I shall make bould to request the like favor in the behalfe of those (at least) some of those troopers & dragoons of Essex that went out last, intended for Hadley but by reason of the disaster at Groton diverted to Concord &c. to beate of & prosecute the enemy in those parts and I directed orders to Major Willard, that with those he first tooke up wth him & then sent, together with the garrisons at Marlborough Lancaster & Chelmsford (if need more) in all above 200 men he might not only defend the townes but might prosecute the enemy there, being within 2 dayes march, but I heare of no such attempt nor indeed of any considerable improvement of them that hath beene, or is like to be.
I am therefore sollicitous for many of them that out of a respect to myself went willingly, hoping of a speedy returne to their families and occasions some of them more than ordinary great and urgent I intreate therefore they may be prsently considered & eased to attend the seed time &c. and if there be necessity that others may be sent in their roomes, who may with far less detriment be spared. The stockade from Watertowne to Wamesit, might better be from Watertowne to Sudbury river 9 miles taking in more country, & that river being as good a stop as the stockade the greatest objection is Merrimack river though broad yet I understand is fordable in 20 places betweene Wamesit & Haveril, & cannot be safe without guards wch must be kept upon it, for hast I Jumble many things, wch be pleased to pardon The Lord Look in mercy upon his poore distressed people upon your selves in particular so prayes
your humble Servant
The inclosed are certificates of delinquents on the last press in Norfolk & of the troopers that should have gone with Capt. Whipple to Hadley
Mass. Archives, vol. 68, p. 179.
Left Jacob. The Council having lately receaved Information of Gods further frowne upon us in taking and depriving the Country both of yr Captaine and Capt Wadsworth wth severall others by permitting the enemy to destroy them yesterday so yt yr Capt. Brocklebanke's chardge is devolved on yrself The Councel judge meet to leave the souldiers under his charge to yor care and chardge, and doe order you to take the care and chardge of the sayd Company that you be vigilant & diligent in that place & as seasonably and speedily as you cann to give Information to ye Councel of the state, numbers & condition of
yr souldiers in that Garrison under yr command desiring God's Grace & blessing to be wth you. Remayne
yor loving freinds
EDW. RAWSON, Secretary
from Malbary ye 22 April 1676.
Beging pardon for This my Bouldness I Remaine your Honoures
Attached to the above letter is Secretary Rawson's Copy of an Order of the Council, as follows:
Leftenant Jacob, yesterday upon the Councils having the sad intelegence of yor Capt. & Capt. Wadsworth death ordered your taking the charge of the souldgers at Malborough since wch I received your of 22 Apr. giving intelegence of the enemyes infesting yor quarters & apearance in a boddy of at least 500 & these wasting by fyers what they can come at so driving cattle, yesterday was ordered eighty troopers to advance to observe the motions of the enemy yor twoe souldgers returne wth a pty of horse to Sudbery & so with these to you I desyer your vigilance & care for the preserving your men & what is under your charge & you shal have ffurther orders so soone as the Councell meete, desyring Gods presence with and assistance of you,23, 2, 76. Mass. Archives, vol. 68, p. 223.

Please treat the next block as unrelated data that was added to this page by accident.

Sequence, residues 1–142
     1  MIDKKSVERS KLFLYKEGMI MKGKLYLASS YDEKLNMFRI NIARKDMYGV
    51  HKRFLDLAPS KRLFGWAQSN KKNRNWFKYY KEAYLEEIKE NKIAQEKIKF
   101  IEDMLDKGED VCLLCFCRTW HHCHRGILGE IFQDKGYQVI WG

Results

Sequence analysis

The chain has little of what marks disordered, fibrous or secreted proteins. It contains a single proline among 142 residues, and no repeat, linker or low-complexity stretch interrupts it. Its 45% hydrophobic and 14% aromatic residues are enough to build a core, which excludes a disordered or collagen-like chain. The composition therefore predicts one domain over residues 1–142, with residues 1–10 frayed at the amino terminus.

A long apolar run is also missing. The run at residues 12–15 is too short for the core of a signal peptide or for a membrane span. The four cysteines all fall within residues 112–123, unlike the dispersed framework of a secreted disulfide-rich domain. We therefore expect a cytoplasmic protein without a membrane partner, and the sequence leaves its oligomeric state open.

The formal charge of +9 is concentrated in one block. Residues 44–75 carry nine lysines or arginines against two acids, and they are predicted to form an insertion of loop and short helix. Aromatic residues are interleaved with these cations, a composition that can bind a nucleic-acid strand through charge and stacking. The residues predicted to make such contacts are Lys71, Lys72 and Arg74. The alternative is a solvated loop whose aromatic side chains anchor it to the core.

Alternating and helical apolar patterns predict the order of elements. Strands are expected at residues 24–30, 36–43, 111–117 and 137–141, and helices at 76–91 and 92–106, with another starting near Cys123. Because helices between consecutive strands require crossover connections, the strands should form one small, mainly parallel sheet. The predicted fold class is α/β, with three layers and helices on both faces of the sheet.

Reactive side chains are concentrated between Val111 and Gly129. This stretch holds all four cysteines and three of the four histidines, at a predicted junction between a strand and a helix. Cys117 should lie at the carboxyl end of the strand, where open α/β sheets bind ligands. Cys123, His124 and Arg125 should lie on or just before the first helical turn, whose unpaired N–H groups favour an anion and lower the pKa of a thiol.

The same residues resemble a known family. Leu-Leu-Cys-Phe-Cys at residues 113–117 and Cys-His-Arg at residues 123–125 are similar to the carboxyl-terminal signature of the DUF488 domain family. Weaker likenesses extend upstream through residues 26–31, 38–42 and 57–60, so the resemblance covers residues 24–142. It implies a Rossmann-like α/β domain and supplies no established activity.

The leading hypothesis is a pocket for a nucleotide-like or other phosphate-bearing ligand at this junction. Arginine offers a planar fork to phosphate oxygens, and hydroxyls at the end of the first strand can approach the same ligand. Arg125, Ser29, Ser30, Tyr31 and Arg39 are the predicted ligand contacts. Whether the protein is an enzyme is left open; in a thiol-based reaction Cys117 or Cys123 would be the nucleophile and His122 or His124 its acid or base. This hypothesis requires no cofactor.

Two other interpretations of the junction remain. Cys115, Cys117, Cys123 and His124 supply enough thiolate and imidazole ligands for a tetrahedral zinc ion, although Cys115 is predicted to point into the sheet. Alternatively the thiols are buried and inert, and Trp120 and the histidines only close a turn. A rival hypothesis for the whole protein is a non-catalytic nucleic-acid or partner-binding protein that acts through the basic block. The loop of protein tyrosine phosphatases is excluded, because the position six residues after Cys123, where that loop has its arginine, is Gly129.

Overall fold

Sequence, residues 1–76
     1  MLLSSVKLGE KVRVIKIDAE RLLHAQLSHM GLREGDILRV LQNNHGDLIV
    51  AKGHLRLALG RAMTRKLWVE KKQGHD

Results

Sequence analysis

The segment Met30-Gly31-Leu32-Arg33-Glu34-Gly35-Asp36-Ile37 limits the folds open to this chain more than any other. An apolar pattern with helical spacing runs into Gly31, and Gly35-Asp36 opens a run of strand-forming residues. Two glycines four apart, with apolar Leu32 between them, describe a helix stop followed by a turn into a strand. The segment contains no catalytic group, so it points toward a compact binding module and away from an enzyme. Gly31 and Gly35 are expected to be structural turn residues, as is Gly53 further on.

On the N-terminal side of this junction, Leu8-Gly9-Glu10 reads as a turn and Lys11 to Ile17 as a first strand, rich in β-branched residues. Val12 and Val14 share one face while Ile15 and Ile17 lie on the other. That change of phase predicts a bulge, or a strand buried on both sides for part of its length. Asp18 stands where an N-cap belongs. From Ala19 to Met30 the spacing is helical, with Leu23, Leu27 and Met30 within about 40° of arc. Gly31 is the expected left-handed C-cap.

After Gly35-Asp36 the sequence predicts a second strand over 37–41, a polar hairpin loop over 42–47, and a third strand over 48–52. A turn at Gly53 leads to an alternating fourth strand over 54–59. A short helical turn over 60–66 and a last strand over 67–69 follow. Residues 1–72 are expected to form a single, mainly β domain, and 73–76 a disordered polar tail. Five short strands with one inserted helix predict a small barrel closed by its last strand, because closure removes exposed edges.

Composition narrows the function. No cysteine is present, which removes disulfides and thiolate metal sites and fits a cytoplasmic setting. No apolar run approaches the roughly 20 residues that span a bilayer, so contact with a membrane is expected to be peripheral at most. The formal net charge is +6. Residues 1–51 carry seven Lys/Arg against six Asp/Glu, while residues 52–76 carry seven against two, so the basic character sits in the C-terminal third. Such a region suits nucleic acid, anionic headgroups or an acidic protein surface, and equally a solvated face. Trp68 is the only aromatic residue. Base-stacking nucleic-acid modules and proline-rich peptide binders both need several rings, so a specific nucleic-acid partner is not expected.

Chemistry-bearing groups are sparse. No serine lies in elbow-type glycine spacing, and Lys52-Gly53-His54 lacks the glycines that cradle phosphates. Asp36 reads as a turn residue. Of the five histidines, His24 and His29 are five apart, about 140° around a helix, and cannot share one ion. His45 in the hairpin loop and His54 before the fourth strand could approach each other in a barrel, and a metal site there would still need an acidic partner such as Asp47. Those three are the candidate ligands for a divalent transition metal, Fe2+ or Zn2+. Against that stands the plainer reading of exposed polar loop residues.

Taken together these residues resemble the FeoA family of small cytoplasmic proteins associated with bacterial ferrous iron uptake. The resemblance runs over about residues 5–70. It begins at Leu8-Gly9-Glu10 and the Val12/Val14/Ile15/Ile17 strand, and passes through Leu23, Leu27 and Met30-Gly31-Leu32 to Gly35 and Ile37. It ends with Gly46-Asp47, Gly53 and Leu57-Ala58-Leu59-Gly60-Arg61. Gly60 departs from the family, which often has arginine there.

Lieutenant Richard Jacob's Second Letter.
Marlborough 24. Aprill 1676.
Receiving an Order from your Honours wherein your Honours are pleased to Devolve ye charge and betrustment of our late Capt. Brocklebanke upon me, for which I am sensible of my Inefficiency & Incapacity, yet Since tis your Honours pleasure, to Require me to Certifie your Honours of ye state of ye soldeirs & of ye place. That I shall Readyly, here is Remaining of our Company about fourty-six, Several whereofe are young soldiers left here by Capt Wadsworth being unable to march. The Towne is wholy consumed Excepting four Garasons that were man'd when the Enimie was last with us, all ye cattle without Reach of The garasons are Lost: one of ye Garason Houses which was Judg'd to be most fitt by our Captaine: who your Honours did apoynt to order according to his Discretion for a stated garason now burnt by Reason off ye Inhabitants not attending thereunto Every one being Carful to Secure his private Interest, here is only Remaining These two houses where the Magazine Lyes That are in a Capacity to assist each other. ye other two Lying att a greater Distance with other Inconveniences. May it please your Honours further to Order of ye state of our Company being Generally such as live upon Husbandry & seed time being now far spent which may be prejudiciall to ourselves & others if ye season so slipt. But I shall leave that to your Honours Consideration only begging pardon for my bouldnes I Rest your Honours Servant to my utmost ability
Postscript: Some of ye principle of ye Towns men In the behalfe of ye Rest yt are yet Remaining which are but few Would Desire your Honours to Consider their present Condition being altogether incapable for Remaining without assistance both with Carts & a Guard They are destitute of Carts Their Teames being at Sudburie & not Daring to Returne. Removing of theire goods if your Honours see meete to Grant it or otherwise willing to refer their loss to your Honours further Consideration.
Mass. Archives, vol. 68, p. 227.
Most of the inhabitants deserted their farms after the destruction of the town on March 26, 1676, and with the exception of a few families who remained for a time in the garrisoned houses, the families came to the towns nearer Boston, and returned only after the war was over. The garrison was maintained until the close of the war, and was an important rendezvous for the forces.
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